Alternating current: With this method, voltage forces electrons to flow first in one
direction, then in the opposite direction, alternating very quickly. This type of voltage
is called Alternating Current (AC) voltage. A generator is used to produce AC
voltage. The voltage generated by utility companies for our home, factories and
offices is AC voltage.

V=

W
Q

Voltage
(continue
d)

Resistanc
e

FIGURE 4: AC AND DC
CURRENT

This is the third characteristic of electricity. The restriction to the flow of electrons
through a conductor is called resistance and it is measured in ohms and
abbreviated , the Greek symbol Omega. Resistance is expressed in a number of
ways:
Quantity

Symbol

Decimal

1 ohm

1 ohm

1 kilohm

1k

1000 ohms

1 megohm

1M

1,000,000 ohms

Resistance
(continued)

In general, there are four factors that affect the amount of resistance in a
conductor:

Material

Length

Cross-Sectional Area

Temperature

Material: We know that the amount of electron flow depends upon how readily
particular atoms give up their electrons and accept new electrons. Materials that
permit this are called conductors. Copper, silver and aluminum are considered good
conductors.
Materials that dont readily give up electrons, which restricts the flow, are called
insulators. Rubber, glass and porcelain are considered good insulators.
Conductors and insulators perform a very important team function. An electrical
cord to a lamp, for example, has a copper wire conductor on the inside with a
rubber-coating insulator around the outside. Free electrons flow along the copper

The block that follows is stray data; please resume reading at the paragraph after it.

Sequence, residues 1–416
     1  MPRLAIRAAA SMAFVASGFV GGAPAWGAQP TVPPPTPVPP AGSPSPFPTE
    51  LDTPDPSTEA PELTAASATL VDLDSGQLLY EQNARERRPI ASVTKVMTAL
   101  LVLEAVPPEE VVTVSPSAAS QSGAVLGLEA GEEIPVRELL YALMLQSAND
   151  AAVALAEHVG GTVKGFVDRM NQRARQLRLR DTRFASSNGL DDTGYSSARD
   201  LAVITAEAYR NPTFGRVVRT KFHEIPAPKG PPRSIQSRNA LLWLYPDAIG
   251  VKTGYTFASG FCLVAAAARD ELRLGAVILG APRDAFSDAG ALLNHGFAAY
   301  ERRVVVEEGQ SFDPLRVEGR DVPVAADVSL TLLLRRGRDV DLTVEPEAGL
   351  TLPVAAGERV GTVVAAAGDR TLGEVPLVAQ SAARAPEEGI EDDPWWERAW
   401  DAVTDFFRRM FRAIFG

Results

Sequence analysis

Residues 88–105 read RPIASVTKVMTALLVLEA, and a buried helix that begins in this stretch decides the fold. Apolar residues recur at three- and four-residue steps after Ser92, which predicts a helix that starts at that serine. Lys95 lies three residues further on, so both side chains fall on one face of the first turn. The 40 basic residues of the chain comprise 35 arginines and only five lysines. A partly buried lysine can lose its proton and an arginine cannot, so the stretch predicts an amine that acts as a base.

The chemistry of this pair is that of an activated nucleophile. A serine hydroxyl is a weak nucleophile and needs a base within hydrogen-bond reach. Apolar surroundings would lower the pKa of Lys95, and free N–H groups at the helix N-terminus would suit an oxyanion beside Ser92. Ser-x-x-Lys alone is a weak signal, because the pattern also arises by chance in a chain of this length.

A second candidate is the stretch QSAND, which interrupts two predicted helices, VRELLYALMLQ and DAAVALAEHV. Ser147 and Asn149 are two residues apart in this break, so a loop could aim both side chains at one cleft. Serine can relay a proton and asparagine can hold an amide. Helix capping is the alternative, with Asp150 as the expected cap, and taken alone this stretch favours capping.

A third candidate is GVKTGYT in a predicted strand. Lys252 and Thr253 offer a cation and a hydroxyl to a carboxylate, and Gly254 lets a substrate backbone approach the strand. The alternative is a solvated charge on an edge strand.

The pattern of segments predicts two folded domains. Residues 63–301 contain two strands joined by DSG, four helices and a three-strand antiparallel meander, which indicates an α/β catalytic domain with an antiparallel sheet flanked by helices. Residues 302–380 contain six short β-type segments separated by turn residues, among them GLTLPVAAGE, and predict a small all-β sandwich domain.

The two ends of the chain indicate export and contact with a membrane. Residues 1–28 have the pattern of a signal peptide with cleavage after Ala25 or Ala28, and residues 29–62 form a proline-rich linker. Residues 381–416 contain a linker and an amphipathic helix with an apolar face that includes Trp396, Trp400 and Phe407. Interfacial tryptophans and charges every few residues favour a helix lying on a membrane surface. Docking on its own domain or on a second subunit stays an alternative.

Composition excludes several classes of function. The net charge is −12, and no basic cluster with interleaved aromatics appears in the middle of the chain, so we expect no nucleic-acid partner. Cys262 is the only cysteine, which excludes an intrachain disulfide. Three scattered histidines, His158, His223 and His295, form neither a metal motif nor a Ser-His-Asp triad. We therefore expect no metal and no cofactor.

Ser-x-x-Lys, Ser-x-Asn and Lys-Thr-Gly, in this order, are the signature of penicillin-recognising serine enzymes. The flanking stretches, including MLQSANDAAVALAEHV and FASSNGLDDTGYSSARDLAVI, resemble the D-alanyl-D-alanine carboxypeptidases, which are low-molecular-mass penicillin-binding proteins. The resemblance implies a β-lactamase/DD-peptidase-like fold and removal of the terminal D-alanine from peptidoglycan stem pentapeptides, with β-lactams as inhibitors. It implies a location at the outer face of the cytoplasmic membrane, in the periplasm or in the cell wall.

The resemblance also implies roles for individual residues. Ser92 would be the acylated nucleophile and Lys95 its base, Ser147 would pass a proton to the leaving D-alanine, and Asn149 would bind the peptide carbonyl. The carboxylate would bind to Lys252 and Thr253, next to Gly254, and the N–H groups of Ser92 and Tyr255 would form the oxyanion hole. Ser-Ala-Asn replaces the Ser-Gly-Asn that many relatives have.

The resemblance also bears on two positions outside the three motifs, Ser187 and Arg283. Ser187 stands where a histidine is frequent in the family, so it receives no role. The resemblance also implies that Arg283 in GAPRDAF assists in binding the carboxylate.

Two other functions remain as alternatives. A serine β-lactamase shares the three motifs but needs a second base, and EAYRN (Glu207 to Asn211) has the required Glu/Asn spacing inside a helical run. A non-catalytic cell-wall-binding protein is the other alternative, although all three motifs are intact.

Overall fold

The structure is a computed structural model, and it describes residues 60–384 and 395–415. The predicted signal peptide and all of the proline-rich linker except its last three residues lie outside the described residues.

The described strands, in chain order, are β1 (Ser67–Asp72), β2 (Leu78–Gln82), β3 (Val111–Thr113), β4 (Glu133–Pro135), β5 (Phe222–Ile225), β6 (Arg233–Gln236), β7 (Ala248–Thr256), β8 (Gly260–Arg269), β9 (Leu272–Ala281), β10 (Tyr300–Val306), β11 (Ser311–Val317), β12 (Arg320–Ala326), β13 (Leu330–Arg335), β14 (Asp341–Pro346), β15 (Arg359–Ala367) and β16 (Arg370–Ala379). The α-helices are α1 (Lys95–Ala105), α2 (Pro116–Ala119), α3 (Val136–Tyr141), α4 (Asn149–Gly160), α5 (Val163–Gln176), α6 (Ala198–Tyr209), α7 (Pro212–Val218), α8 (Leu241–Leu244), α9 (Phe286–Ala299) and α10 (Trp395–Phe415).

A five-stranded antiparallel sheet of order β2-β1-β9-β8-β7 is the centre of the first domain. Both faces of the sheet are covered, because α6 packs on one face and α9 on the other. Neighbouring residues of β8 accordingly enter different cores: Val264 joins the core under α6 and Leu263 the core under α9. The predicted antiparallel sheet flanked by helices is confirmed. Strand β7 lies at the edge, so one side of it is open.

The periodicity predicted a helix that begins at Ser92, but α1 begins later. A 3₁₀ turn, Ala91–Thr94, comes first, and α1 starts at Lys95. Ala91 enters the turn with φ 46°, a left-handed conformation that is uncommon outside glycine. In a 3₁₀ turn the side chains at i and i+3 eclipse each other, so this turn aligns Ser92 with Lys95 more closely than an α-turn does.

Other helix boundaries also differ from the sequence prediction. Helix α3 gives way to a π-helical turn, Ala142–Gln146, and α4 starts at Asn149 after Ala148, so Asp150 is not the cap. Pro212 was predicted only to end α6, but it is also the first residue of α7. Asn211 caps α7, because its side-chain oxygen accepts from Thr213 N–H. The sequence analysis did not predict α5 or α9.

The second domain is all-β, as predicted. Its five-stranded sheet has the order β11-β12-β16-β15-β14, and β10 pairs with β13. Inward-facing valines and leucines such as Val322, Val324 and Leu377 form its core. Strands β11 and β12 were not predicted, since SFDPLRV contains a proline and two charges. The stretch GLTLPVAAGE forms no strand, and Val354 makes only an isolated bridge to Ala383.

wire to light the lamp while the rubber coating keeps the free electrons inside to
prevent shock and other problems.

FIGURE 5: CONDUCTORS AND INSULATORS

Length: The longer the conductor, the more resistance in the conductor.
Resistance is increased or decreased in proportion to the conductors length.
For example, a 2-foot long conductor would have twice the resistance of a one-foot
long conductor.

Resistance
(continued)

Cross-Sectional Area: As the cross-sectional area of a conductor increases, the


resistance decreases, and vice versa. For example, if the area of a conductor
is doubled, the resistance is cut in half.

FIGURE 6: CONDUCTOR CROSS-SECTIONAL AREA

Temperature: Usually when the temperature of a conductor increases, the


resistance increases. The temperature factor is not as predictable as the other
factors, but it must be considered when dealing with electricity.

FUNDAMENTALS OF ELECTRICITY

OHMS LAW

There is a definite relationship between the three primary electrical characteristics:


current, voltage and resistance. A German mathematician, George Simon Ohm,
formulated this relationship in the 19th century. His law (Ohms Law) stated that
current is directly proportional to voltage and inversely proportional to
resistance. The following formula was derived from that law:

Current = Voltage/Resistance

or

I = E/R

Current (I) in amps: Voltage (E) in volts: Resistance (R) in ohms


FIGURE 7: OHMS LAW

Ohms Law is the basic formula used in all AC and DC electrical circuits. So if you
know two of the three characteristics, your can calculate the third one.
Electrical designers use it to determine how much voltage is required for a certain
load, like a motor, a computer, or even a house full of appliances.
DC Circuits

We can use a simple DC circuit here to demonstrate Ohms Law. Before we do any
calculations, however, lets briefly discuss the symbols that will be used in our circuit
diagrams.
Voltage Symbol: The terminals of a battery are symbolically indicated on an
electrical drawing by one or more pairs of lines. The longer line represents the
positive terminal, and the shorter line the negative terminal.

FIGURE 8: VOLTAGE SYMBOL (BATTERY)

Resistance Symbol: Resistance is represented in one of two ways: either an open


rectangle or a zigzag line. Resistance in a circuit can take the form of many
different components from light bulbs to motors. Most of these components have
their own unique symbols. For now, we will use the zigzag line symbol to represent
the loads.

FIGURE 9: RESISTANCE SYMBOL (RESISTOR)

EXAMPLE
What resistance value is needed for the circuit shown in the figure below to draw 2 amperes of current?

Solution

EXAMPLE: How much current flows in the circuit shown in the figure below.

Solution

Question